As for giving it away for free some of the mentors have been talking about dual licencing so that the SAP platform gets more widely exposed and could be used for startup ventures like ESME as an example and the examples that you describe in your post.

    One last point when you go to TechEd look around at the age distribution and see how many are under 28. If SAP doesn’t attract these people to the SAP development platform then the future isn’t that bright.

    Kind regards,
    Nigel

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    1. David Halitsky Post author
      Nigel –

      Thanks for taking the time to respond.

      Regarding SAP exposure in universities (and more generally, non-ERP/FICO environments), here’s an example.

      In response to a question I posted on a list-server about 3D molecular viewers that are applets (not “exe”s), I got this response from Rolf Huehne of the Institute of Moleclar Biotechnology in Jena, Germany:

      **********************************************
      >> The Jmol applet (http://www.jmol.org) is capable of synchronizing
      >> different applets within a page. An example of this synchrinization is
      >> shown here:

      >> http://chemapps.stolaf.edu/jmol/docs/examples-11/sync.htm
      >>
      >> It is also possible to filter specific chains for loading, see the
      >> Jmol scripting documentation at

      >> “http://chemapps.stolaf.edu/jmol/docs/?ver=11.6#load“. As far as I

      >> know it is not possible yet to load only a range of residues. But
      >> there is currently a rapid development by Bob Hanson from St.Olaf
      >> College. So you should make a feature request at the Sourceforge
      >> project page. And if you are lucky it is implemented within a few days.
      >> If you have any further questions you should join the ‘jmol-users’
      >> mailing list (http://jmol.sourceforge.net/project/#Mailing%20lists)
      >> and ask them there.
      >>
      >> Regards,
      >> Rolf
      ***********************************************

      Rolf is a member of a team that is doing some very interesting data integration work in bioinformatics:

      http://www.fli-leibniz.de/IMAGE.html

      http://www.fli-leibniz.de/cgi-bin/ImgLib.pl?CODE=1izn&EXPAND=description,exon,alignment&EXON_MAP_SHOW=on

      And I think that Rolf’s work could easily be supported by SAP in a “win-win” arrangement that would cost SAP almost nothing but would increase SAP’s “presence” in exactly the way you’re suggesting – “presence” as a supporter and enabler of innovation.

      Regarding gaining presence as a supporter and enabler of innovation, this goes back to a topic which I addressed in my “pre-Community Day” SDN/Labs presentation in 2005.

      The title of this presentation was:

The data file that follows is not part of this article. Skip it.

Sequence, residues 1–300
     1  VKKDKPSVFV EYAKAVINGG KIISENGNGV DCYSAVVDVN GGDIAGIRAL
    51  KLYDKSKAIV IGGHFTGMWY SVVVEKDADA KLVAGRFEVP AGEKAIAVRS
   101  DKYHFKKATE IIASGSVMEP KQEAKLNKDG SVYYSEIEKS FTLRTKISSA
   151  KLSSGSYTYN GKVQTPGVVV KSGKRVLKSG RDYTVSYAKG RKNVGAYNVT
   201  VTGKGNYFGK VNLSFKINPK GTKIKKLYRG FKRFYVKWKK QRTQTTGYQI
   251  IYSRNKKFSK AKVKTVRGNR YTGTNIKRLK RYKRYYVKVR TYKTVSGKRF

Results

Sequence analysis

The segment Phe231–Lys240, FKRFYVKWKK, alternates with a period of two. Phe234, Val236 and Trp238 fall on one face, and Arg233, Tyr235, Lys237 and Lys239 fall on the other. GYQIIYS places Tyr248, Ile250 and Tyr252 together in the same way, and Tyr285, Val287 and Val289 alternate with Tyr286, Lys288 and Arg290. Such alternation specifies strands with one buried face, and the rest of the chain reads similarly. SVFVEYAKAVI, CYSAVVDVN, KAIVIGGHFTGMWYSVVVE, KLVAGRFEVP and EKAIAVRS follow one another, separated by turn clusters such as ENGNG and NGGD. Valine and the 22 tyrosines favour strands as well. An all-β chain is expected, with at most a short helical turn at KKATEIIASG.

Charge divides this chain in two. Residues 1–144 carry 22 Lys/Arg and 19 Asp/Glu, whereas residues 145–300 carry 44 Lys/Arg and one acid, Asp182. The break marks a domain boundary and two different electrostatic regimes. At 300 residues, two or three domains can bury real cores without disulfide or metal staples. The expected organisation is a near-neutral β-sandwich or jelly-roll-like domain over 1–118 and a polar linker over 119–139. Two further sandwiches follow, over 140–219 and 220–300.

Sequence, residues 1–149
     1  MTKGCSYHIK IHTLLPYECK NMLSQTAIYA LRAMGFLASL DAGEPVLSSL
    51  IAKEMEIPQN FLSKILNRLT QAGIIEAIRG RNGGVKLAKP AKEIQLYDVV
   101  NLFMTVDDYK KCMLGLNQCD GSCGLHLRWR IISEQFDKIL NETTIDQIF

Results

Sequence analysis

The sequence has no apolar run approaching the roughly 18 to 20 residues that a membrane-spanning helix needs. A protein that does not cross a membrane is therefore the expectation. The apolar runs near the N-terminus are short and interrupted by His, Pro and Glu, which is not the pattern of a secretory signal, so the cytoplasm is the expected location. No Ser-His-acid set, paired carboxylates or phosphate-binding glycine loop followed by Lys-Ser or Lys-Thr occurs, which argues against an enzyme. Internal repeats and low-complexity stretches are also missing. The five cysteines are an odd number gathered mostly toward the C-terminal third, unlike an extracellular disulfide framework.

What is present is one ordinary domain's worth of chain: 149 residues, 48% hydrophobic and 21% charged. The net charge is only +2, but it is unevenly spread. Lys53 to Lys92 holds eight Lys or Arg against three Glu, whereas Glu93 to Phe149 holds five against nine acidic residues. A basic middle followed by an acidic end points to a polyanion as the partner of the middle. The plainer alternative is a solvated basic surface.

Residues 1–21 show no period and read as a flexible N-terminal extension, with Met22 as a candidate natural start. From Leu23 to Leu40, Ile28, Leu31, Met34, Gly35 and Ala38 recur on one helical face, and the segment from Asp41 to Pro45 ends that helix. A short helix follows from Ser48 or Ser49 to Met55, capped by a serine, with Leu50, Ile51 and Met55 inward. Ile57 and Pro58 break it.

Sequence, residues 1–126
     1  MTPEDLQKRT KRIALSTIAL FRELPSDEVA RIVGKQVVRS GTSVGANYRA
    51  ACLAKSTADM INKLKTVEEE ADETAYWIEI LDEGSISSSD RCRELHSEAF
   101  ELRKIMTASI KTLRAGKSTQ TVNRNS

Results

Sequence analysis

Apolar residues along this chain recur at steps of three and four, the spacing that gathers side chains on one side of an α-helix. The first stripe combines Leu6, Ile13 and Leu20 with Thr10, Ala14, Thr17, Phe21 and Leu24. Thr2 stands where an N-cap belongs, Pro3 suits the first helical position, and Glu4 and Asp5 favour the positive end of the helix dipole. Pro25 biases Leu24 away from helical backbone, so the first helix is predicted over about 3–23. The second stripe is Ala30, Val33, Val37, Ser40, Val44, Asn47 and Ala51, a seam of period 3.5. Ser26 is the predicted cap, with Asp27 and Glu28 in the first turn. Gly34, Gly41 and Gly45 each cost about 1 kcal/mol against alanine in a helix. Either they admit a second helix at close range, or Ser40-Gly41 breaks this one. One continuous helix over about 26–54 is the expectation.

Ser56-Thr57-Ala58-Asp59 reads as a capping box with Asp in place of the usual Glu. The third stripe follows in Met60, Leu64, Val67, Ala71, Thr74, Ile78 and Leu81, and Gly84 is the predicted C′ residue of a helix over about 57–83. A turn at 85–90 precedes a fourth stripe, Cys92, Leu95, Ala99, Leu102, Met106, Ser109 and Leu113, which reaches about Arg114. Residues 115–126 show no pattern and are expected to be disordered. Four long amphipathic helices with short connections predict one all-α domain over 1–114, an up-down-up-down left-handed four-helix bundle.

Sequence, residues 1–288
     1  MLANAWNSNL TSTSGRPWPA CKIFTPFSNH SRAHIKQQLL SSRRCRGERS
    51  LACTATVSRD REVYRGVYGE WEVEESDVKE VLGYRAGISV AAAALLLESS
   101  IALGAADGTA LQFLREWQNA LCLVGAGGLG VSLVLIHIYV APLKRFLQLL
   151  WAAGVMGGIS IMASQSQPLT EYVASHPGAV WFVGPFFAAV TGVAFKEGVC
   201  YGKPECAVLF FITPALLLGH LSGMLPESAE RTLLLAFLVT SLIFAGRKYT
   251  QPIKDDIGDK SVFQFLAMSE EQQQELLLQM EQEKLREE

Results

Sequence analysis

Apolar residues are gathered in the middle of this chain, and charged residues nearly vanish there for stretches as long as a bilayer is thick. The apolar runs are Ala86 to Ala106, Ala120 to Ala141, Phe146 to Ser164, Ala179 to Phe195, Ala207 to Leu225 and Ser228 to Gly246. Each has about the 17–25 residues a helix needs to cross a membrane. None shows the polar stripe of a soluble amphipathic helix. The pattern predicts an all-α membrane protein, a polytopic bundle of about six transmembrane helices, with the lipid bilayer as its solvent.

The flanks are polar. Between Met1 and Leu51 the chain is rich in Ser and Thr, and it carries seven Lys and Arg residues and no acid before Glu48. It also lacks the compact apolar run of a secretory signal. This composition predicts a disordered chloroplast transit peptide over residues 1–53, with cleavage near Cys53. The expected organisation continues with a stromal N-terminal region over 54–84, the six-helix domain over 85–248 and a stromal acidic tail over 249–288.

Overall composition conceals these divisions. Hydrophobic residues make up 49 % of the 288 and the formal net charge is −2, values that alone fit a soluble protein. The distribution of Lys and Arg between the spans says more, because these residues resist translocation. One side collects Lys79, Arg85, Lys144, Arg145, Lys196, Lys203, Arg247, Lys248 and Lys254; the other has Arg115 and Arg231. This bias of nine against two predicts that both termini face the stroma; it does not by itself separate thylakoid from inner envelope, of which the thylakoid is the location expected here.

“Beyond Best Practices: SAP as a Platform for Innovation”

      And this topic is very much related to your idea that SAP has to gain a Web 2.0 presence in as many ways as it can  (one way being the distribution of NW7.0 as an application-free IDE.)

      But my twist on this idea is for SAP not to concentrate on the “bling” aspects of Web 2.0  (You may recall my post a year or so ago here where I said that I’d like to see SAP use NW2004s to do something more significant than vibrate the CEO’s bed when SAP 4th quarter earnings come in higher than expected.)

      But I’ll discuss this in another “Ranting” blog post to be called: “Indie Music, Indie Films, Why Not Indie SAP?”

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        1. David Halitsky Post author
          When someone complains I’m posting too many no-point “ranting” blogs, I’ll just say “Nigel made me do it.”

          Seriously, though, I think that the idea of “Indie SAP” may not only help reverse the “greying of SAP” that you mention, but may also help SAP recognize possible gaps in its own thinking about what kinds of new customer demands should be satisfied by SAP, and how SAP should satisfy them technically. 

          I mean customer demands in SAP’s core ERP business competency.  For an example of what I’m talking about here, see my last post to Anton W in this Forum thread here:

          How would/should you invoke a javascriptable applet from WDA or WDJ?

          If Anton is right that SAP has overly-restricted the way one can solve a weird-*** “Indie SAP” problem in bio-informatics using NW7, then SAP should be worried that it may have overly-restricted the way one can solve an exactly parallel problem in its core ERP business.

          So the point is – by seeing how robustly NW7.0 can meet weird new demands in “Indie SAP” development, SAP may gain valuable insight into how robust NW7.0 is for meeting core business demands that may be just around the corner.

          Best as always
          djh